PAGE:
The smart money seems to be saying that it won’t go on sale until next year, with some suggesting that this means no mention at WWDC. Personally, though, I don’t buy this argument …
Apple’s mixed-reality headset is a slow burn
Analyst Ming-Chi Kuo made the case for Apple remaining quiet for now.
The analyst thinks it’s unlikely that Apple will announce the device next week at WWDC 2022.
One of the reasons Kuo doesn’t believe Apple will show a preview of its new Apple mixed reality headset in June is that it would give competitors enough time to copy the product’s features.
I disagree, for two reasons.
First, Apple doesn’t care about anyone trying to copy either their designs or features. It happens all the time with Apple products, from AirPods to iPads. Anyone in the market for an Apple product isn’t going to buy a knock-off, whether it’s a no-brand Chinese product or a heavily hyped Samsung one.
Aside from product quality issues, one thing we can be certain of is that the headset is going to deepen the Apple ecosystem, so a competitor headset isn’t even in the running here.
Second, we are – if reports are accurate – talking about an extremely expensive first-generation device geared more toward developers than consumers. This is not something ordinary people are going to want to rush out and buy the next day.
On the contrary, this is going to be a slow-burn category for Apple. The eventual Apple Glasses product may be huge, but that’s years away yet. Apple first needs to get developers on board, and to do that, the company needs to prepare the ground.
Developers need to know the company’s vision for this completely new product category. They need, if not a roadmap, then a good understanding of Apple’s overall thinking about how things will unfold. And they need this a long time before we get anywhere near a consumer product.
Whether or not Apple shows the product design at this point doesn’t much matter. Developers need to have a steer for the type of applications the company has in mind, not the form factor.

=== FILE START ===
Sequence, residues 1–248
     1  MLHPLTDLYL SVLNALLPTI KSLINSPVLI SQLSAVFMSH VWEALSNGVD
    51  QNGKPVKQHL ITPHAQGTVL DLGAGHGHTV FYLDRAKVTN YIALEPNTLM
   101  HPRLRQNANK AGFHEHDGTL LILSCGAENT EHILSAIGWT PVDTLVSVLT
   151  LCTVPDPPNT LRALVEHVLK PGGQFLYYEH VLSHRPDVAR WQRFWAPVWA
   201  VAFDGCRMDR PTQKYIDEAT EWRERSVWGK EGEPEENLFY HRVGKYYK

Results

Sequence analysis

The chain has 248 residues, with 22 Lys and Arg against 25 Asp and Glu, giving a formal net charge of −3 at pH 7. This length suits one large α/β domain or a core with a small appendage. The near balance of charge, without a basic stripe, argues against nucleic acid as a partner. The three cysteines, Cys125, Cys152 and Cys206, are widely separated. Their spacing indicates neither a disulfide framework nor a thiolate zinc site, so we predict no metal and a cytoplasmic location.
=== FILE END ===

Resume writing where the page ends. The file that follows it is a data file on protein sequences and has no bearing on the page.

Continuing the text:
The Mac Pro precedent
There is precedent for this. When professionals told the company that its trashcan Mac Pro design was, well, trash, Apple said back in 2017 that it had heard the message, and was working on a new modular design. So at that point, we had a rough idea of Apple’s thinking, some two and a half years before launch.
A year later, the company added that it was working with pros to ensure that the product would be what real customers want. And at WWDC 2019 – a full six months before the product went on sale – Apple showed it to us. We got to see the actual design, as well as detailed specs.
At that point, any competitor could have copied the design, or specs, or both. But it would have been irrelevant because it wouldn’t have been a Mac.
The same is true here. Apple could do exactly the same thing at WWDC 2022: show us both the design and the specs, and it wouldn’t matter who copied it, because it wouldn’t be part of the Apple ecosystem.
Will there be a WWDC tease?
I don’t know: I’m not saying that Apple definitely will confirm its plans for a mixed-reality headset, only that the argument against this doesn’t hold water.
I’m also saying that, whether or not it’s Monday, it would make sense for Apple to share headset details with developers ahead of time – and I think a Mac Pro approach would make sense. Get developers comfortable with the overall plan before the distraction of a product design.
In terms of timing, if we are talking about a spring 2023 launch, then June 2022 is perhaps a little early. Announcing it in September may make more sense, in which case I’d definitely expect it to be more conceptual than concrete – Apple wouldn’t want the iPhone 14 lineup to play second fiddle to a more exciting new piece of hardware. The company could reveal the design closer to the time.
So that’s my best guess – but if Apple does say anything about it tomorrow, I won’t be surprised. What are your thoughts? Please let us know in the comments.
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